CANNON BEACH — Wayfarer Restaurant’s new outdoor patio is crowded with diners despite a Cannon Beach order to stop serving outside.
Cannon Beach City Planner Mark Barnes sent a letter revoking the Wayfarer Restaurant and Lounge’s outdoor dining approval on July 2, informing the restaurant that it “should not seat diners on the lower porch area.”
In subsequent letters, officials levied a $400 per day fine on the restaurant, yet to be collected.
Neighboring property owner Nick Sears said the restaurant continues to operate despite the city’s order, failed to go through the Design Review Board process and is violating the city’s noise ordinance.
The Cannon Beach Municipal Code classifies family dwellings as “noise sensitive” areas and Sears said he was able to demonstrate to city officials with a sound-level meter that the Wayfarer exceeds those limits.
Martin Hospitality President Ryan Snyder said the Wayfarer did receive approval through the proper channels — city code allowing minor modifications without Design Review Board approval — and will not stop using the new patio.
Snyder said they’re moving forward with initial approval — even with the threat of fines — because the company has invested tens of thousands in outdoor patio upgrades.
Sears said he understands the restaurant owners’ frustration after investing the money on patio improvements. Nevertheless, he said the Wayfarer is violating municipal code and “completely disregarding my property rights.”
The city’s letter to Martin Hospitality cited two factors for revocation of the outdoor patio license: the city’s failure to review the proposal against screening requirements and Martin Hospitality’s failure to implement the plans as approved.
A privacy screen was not installed and removal of shrubbery along the south property line was not approved, the letter stated.
Sears added that a concrete patio less than two feet from the shared property line replaced what was once hedge and grass, providing visual and sound buffers between the two properties.
The patio, adjacent to the main living area and ocean front yard, has ruined his view, he said. When he purchased the property in 2008, the restaurant had a small wood patio on the side of his property and seated 20. The wood patio and seating remains, with an additional patio area with a 50-diner capacity.
“The negative impact of the new patio on my property is substantial,” he said. “I lost the landscape buffer that previously existed, I lost all visual privacy. Imagine being 1 1/2 feet away from a 50-person outdoor restaurant where everybody is looking through your yard to see Haystack Rock. The noise generated by the new patio when it is in use can be heard inside my house even with the windows closed.”
He called Martin Hospitality’s response “arrogant” and said the new patio is preventing his duplex from being sold at full-market value.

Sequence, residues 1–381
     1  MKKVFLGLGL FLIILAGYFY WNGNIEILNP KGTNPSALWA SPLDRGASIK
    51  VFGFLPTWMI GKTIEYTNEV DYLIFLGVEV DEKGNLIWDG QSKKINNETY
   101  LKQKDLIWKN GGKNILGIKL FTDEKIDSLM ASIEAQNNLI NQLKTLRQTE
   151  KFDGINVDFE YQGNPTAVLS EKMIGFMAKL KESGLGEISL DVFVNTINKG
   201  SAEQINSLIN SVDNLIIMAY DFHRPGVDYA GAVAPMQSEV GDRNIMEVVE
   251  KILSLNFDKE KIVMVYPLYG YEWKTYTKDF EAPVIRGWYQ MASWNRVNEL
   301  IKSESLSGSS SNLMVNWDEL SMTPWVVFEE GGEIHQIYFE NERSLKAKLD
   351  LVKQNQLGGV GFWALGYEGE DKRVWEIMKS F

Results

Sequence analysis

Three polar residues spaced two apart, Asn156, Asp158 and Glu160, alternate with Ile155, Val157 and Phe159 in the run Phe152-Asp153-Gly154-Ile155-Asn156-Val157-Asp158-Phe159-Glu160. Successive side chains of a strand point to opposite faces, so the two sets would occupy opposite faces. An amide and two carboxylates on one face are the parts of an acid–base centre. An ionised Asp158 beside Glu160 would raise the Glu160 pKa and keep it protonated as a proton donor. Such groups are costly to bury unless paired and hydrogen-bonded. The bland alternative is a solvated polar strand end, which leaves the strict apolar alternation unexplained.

“I understand when people disagree with a decision,” Sears added. “I disagreed with the decision to approve the new patio, but as a law-abiding citizen, I had to live with its existence until the city had time to review my complaint and take action. They are intentionally taking the value of my property for the profit of their business.”
In a second letter sent July 24, the city followed up on its July 2 correspondence, asking the Wayfarer not to seat anyone on the new patio until proper approval was given.
City Manager Brant Kucera warned Martin Hospitality the restaurant would be in violation of municipal code and fined $400 per day beginning July 27 if it didn’t stop using the outdoor patio.
Snyder said the company received the city’s letter in early July and did not receive a date to appear on the Design Review Board agenda until September, despite a request to be heard at the board’s August meeting.
The company is willing to go through the Design Review Board process, he noted, but has no plans to curtail use of the new outdoor patio in the meantime. Every day the patio would be closed, Snyder said, would result in lost revenue, particularly during busy summer months.
Martin Hospitality will “not allow that to happen,” he said.
He added that the restaurant has been in the same location since 1977, with a patio since 1997, so Sears knew what he was getting into when he bought a property next door.
“I think the complaint is self-serving,” Snyder said.
Sears called the dispute between himself and Cannon Beach’s largest employer a “David and Goliath” one.
Even if police enforce the city’s fine, Sears said, a court may ultimately decide whether Martin Hospitality pays or not.
The Design Review Board will examine the Wayfarer’s patio plans later this month.